USP Electronic Research Repository

Plantations and the Politics of Sugar in Uganda

Ahluwalia, Pal (1995) Plantations and the Politics of Sugar in Uganda. Fountain Publishers, Kampala, Uganda. ISBN 9789970020577

Full text not available from this repository.


The development of the sugar industry in Uganda is examined. The sugar industry in Uganda has been concentrated in very large plantations of approximately 8 000 ha each. It emerged in the 1920s and was developed along the lines of a plantation system by Asians at a time when the state was promoting peasant production. Idi Amin's regime in the 1970s banned migrant labour and expelled the Asians, the main source of capital for the sugar industry. The impact of these policy decisions was profound. The sugar schemes suffered greatly from a lack of resources, both capital and human, and estates became run down. Uganda became a net importer of sugar. Although the post-Amin regimes have continued with rehabilitation efforts, the sugar industry has remained fraught with difficulties, principally as a result of the inability of the original owners to secure funding for the rehabilitation process. Continuing and increasing political instability has resulted in the retardation of the rehabilitation process, demonstrating the final dependence of the plantation sector on the state and state support.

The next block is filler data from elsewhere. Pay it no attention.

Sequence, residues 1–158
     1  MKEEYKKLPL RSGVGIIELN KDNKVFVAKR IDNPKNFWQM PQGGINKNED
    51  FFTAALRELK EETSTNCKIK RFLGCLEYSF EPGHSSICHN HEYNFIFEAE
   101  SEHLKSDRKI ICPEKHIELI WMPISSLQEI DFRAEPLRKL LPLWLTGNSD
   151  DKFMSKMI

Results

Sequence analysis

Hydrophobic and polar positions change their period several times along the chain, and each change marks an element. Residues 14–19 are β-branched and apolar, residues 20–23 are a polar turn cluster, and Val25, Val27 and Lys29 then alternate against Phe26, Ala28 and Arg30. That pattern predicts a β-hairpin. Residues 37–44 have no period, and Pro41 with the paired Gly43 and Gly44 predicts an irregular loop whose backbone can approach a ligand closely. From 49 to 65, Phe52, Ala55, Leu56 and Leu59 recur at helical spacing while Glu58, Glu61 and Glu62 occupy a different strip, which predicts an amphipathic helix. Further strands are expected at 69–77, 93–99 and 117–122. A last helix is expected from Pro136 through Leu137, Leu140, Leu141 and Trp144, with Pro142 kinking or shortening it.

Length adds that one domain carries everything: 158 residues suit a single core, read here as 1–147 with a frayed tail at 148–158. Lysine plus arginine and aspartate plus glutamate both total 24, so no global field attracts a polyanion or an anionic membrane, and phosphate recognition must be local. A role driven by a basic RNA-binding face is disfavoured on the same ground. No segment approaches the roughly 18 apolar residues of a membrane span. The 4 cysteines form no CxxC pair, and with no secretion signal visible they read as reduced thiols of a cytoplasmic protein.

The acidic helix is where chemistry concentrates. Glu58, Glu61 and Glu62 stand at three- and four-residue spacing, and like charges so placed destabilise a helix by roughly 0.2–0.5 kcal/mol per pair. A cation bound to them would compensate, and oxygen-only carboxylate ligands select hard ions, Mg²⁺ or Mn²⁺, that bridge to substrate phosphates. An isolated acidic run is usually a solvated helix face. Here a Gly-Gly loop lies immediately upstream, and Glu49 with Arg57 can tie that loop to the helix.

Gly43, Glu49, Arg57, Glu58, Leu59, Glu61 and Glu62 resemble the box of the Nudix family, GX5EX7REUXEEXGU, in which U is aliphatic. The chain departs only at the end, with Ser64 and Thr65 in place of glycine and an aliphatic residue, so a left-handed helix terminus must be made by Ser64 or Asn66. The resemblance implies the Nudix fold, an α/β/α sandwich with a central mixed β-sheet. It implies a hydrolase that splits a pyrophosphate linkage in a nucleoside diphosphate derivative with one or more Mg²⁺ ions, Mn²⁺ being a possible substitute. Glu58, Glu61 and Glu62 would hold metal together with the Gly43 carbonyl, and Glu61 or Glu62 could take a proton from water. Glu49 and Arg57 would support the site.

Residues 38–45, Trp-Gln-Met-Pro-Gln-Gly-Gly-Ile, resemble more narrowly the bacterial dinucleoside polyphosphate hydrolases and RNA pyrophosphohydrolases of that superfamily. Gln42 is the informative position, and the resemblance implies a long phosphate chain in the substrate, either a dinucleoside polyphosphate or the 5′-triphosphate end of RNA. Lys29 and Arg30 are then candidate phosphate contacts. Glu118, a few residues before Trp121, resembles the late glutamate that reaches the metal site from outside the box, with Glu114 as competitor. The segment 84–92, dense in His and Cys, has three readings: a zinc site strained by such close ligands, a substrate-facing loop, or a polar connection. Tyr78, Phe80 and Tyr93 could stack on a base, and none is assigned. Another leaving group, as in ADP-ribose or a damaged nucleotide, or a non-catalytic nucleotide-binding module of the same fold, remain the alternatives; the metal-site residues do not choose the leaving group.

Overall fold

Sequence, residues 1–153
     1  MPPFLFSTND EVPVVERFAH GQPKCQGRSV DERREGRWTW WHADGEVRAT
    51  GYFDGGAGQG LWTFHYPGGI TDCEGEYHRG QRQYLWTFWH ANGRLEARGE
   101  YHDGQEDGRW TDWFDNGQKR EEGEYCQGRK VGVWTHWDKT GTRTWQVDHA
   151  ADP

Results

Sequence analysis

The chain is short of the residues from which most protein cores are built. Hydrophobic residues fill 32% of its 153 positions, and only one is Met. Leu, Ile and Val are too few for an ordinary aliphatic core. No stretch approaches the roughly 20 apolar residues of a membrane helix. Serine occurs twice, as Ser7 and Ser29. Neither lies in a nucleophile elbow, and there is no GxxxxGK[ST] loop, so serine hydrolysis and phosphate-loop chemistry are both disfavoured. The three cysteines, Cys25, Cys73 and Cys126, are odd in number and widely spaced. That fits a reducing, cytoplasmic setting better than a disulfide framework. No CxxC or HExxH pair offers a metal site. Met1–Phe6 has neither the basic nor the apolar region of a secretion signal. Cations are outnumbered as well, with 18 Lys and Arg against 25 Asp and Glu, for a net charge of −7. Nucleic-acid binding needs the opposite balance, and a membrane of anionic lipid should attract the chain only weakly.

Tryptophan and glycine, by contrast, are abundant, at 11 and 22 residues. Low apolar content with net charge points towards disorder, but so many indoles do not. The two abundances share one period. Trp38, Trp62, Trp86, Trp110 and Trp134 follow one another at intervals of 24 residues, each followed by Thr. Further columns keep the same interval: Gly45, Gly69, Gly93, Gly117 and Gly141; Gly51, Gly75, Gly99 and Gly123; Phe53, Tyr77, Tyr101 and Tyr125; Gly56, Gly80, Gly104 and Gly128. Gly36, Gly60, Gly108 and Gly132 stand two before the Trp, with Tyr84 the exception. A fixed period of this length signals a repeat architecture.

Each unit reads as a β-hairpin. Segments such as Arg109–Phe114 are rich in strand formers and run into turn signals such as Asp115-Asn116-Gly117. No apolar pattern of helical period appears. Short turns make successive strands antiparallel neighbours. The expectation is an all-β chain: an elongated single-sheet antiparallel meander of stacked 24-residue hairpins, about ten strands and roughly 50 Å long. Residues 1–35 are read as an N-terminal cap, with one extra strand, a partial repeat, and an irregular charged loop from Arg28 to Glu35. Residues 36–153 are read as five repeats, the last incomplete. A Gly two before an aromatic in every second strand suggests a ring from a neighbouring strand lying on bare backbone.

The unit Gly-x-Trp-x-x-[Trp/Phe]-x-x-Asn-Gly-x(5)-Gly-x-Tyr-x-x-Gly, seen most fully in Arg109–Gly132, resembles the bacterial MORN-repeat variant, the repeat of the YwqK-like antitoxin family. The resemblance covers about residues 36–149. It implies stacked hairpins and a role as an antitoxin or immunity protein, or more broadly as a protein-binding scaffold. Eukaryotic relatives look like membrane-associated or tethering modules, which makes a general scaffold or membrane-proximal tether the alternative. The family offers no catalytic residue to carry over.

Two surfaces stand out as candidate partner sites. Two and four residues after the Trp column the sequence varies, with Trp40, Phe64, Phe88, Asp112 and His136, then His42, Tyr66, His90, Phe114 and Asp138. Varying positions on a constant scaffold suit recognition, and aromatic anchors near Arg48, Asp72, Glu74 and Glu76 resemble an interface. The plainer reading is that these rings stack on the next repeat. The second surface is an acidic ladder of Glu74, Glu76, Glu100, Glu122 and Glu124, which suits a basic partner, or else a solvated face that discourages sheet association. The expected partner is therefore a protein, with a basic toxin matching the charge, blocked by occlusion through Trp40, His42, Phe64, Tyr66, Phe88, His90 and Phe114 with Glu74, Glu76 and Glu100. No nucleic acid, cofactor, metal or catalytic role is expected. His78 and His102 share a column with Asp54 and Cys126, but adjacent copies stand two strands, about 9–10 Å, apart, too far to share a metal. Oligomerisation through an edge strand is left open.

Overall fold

Item Type: Book
Subjects: J Political Science > JA Political science (General)
Divisions: Office of the VC
Depositing User: Ms Shalni Sanjana
Date Deposited: 21 Jul 2022 22:45
Last Modified: 21 Jul 2022 22:45

Actions (login required)

View Item View Item